Measurement principle

Principle of confocal microscope

Confocal optics

The principle of confocal optics is as follows. The light beams emitted by the light source pass through a lens and focus at the surface of the sample. The light beams reflected by the sample pass through the same lens again from the opposite direction and are routed towards the photodetector. The photodetector detects only the light beams that form a sharp focus and pass the pinhole that is placed right in front of it. The name, confocal, comes from the fact that there are two focal points, one at the sample surface and the other at the photodetector. Only the beams forming a focus at the sample form a second focus at the photodetector and reach there. Other beams do not reach the photodetector. In other words, confocal optics are the optics that detect only the reflected light from the focal plane. A microscope using confocal optics is called a confocal microscope.

In focus Out of focus

Features of confocal optics

1. High resolution and high contrast

Confocal optics provide superior lateral resolution and contrast compared with non-confocal optics (ordinary microscope optics). By using confocal optics, you can eliminate scattered light from outside the focal plane and obtain a clearly focused image with high resolution and high contrast free from the effect of unnecessary stray beams. In general, confocal optics provide about 30% better lateral resolution than ordinary optics. Shown below are images of a thin film transistor (TFT) captured with confocal optics and ordinary optics. Confocal optics provide an image that clearly shows the small pattern of TFT without blurs, whereas the non-confocal image is focused but with lower resolution.

Non confocal image
Confocal image

2. High longitudinal resolution (high resolution in Z direction)

Confocal optics form an image using only the reflected light from the focal plane, achieving high longitudinal resolution in the Z direction. The image provided by confocal optics has extremely shallow depth of focus (optical sectioning effect).

As shown below, the shape of IZ curve differs greatly between confocal optics and non-confocal optics. The shape of IZ curve is determined by the wavelength of incident light and the NA of the objective lens. The IZ curve becomes steeper as the wavelength gets shorter or as NA increases.

IZ curve

Measurement by confocal microscope

A confocal microscope can provide an all-in-focus image with height information by performing a focus scan.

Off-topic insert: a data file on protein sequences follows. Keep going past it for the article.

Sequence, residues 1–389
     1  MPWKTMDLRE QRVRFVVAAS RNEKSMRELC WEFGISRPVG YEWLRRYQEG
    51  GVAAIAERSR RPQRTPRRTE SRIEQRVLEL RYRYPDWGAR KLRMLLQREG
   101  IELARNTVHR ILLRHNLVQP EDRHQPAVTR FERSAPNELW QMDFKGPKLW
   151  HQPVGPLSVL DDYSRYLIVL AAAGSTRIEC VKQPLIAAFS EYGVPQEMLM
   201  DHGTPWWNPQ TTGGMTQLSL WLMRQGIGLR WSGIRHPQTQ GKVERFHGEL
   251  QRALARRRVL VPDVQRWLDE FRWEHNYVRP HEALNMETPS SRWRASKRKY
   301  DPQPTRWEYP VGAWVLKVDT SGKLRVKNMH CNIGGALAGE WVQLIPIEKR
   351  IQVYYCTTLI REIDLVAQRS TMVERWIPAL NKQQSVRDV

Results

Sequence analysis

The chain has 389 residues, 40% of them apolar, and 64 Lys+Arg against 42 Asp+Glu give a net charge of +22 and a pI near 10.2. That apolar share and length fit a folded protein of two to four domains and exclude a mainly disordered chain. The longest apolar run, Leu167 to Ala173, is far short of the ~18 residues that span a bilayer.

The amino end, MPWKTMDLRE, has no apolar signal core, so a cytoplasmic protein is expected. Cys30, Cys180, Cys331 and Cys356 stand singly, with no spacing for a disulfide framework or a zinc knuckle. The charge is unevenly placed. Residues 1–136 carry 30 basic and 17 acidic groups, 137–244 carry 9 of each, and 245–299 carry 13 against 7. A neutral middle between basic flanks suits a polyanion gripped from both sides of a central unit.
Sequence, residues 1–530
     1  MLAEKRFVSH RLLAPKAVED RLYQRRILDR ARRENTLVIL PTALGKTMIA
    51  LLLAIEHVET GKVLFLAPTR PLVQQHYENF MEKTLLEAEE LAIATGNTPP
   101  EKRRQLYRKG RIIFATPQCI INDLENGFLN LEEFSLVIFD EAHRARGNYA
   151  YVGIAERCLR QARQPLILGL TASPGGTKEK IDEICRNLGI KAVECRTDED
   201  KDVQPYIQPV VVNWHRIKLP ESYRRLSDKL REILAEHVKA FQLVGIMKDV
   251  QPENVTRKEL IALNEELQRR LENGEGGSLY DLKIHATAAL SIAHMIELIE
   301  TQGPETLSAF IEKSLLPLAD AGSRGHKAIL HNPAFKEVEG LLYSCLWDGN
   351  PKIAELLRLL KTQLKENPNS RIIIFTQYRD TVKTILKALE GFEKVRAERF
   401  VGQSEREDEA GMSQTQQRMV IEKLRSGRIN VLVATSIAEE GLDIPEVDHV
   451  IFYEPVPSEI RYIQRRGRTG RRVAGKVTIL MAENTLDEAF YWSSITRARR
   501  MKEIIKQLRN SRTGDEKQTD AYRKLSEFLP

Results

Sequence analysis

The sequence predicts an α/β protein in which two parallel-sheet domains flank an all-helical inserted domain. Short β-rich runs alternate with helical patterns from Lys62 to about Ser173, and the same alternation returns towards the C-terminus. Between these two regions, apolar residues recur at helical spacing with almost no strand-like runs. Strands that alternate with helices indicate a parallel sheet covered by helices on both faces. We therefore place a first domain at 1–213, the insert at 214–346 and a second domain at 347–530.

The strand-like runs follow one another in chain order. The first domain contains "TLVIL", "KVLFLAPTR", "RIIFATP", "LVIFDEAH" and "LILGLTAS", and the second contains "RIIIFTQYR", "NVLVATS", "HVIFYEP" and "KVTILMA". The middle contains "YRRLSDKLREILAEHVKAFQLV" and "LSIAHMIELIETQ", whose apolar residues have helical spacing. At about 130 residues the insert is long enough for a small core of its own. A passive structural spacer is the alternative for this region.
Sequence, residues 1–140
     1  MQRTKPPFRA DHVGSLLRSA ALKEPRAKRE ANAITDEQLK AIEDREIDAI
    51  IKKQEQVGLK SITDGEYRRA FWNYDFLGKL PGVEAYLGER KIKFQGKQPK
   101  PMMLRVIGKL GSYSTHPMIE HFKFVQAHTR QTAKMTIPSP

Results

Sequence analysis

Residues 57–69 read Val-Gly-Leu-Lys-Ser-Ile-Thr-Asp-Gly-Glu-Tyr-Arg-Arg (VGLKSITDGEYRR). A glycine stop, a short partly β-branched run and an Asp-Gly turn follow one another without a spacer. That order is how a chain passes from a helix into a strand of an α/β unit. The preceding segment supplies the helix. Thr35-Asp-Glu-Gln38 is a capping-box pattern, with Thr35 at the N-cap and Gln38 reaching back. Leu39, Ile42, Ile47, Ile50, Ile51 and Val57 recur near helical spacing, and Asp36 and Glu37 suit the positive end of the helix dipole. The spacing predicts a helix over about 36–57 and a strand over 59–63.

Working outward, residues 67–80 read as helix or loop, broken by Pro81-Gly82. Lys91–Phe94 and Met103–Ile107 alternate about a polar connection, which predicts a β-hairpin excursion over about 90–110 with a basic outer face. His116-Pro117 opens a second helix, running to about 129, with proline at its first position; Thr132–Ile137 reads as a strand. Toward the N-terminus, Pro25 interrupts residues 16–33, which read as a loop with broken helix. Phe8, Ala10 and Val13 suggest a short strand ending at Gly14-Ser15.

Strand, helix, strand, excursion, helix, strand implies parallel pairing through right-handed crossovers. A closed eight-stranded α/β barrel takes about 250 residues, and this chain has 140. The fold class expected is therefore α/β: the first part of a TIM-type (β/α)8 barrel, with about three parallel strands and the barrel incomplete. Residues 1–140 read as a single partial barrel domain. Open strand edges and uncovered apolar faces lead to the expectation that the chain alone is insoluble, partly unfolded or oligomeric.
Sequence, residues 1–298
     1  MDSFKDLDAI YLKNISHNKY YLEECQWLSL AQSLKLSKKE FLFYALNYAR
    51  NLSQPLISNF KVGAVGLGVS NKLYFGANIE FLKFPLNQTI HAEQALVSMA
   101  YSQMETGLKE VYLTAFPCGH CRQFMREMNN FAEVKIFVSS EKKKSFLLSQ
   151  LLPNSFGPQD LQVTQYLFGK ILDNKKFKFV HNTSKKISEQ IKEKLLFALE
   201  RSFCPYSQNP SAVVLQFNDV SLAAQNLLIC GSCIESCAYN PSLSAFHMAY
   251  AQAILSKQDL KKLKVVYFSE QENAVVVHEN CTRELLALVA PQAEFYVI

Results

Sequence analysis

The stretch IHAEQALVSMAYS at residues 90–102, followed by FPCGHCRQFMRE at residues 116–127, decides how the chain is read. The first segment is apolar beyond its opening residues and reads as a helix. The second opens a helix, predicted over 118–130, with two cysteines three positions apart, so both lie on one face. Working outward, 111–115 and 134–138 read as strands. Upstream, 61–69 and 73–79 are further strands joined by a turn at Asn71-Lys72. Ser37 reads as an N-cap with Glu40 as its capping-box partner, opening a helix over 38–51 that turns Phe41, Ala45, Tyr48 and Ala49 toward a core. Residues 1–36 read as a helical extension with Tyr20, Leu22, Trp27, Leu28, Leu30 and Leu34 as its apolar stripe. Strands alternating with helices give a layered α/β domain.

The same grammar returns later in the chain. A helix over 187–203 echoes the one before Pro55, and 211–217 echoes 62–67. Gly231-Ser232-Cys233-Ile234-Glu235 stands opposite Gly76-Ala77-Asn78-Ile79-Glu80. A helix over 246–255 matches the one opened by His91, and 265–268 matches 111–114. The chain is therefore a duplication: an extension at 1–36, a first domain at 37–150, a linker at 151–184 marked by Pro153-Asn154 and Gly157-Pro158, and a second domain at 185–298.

1. Focus scan

In a focus scan, a confocal microscope captures multiple images with shallow depth of focus at different locations by continously moving the sample in the Z direction (the images captured in this manner are called "optical sectioning images"). While doing it, the confocal microscope records the peak brightness and its location where focus is achieved for each image. The images shown below are optical sectioning images of a sphere captured in a focus scan.

2. All-in-focus image

A confocal microscope can create an all-in-focus image by picking the peak brightness area of each image captured in a focus scan and integrating all the peak areas from multiple images into a single image. The result is an image with high resolution and shallow depth of focus at all points in the field of view. In other words, an all-in-focus image is created by joining all the optical sectioning images captured in a focus scan.

3. Height measurement

You can obtain height information from the position of peak brightness for each pixel. By integrating all the height information from multiple pixels into a single image, you get an image with the height information of all points in the field of view. This image is called a height image. By analyzing the height image, you can perform various 3D measurement. You can also create a 3D image.

Optical sectioning All-in-focus image 3D image

4. Peak detection method

To obtain the position of peak brightness in IZ curve accurately, you need to set the Z step of focus scan (the distance the stage moves along the Z direction in one scan) correctly. Various methods are proposed to increase the accuracy of the detection of peak position, including interpolation of IZ curve, to improve height resolution. As a method of peak detection, there are several methods. Examples include the detection of maximum brightness values and the fitting of IZ curve with a quadratic equation.

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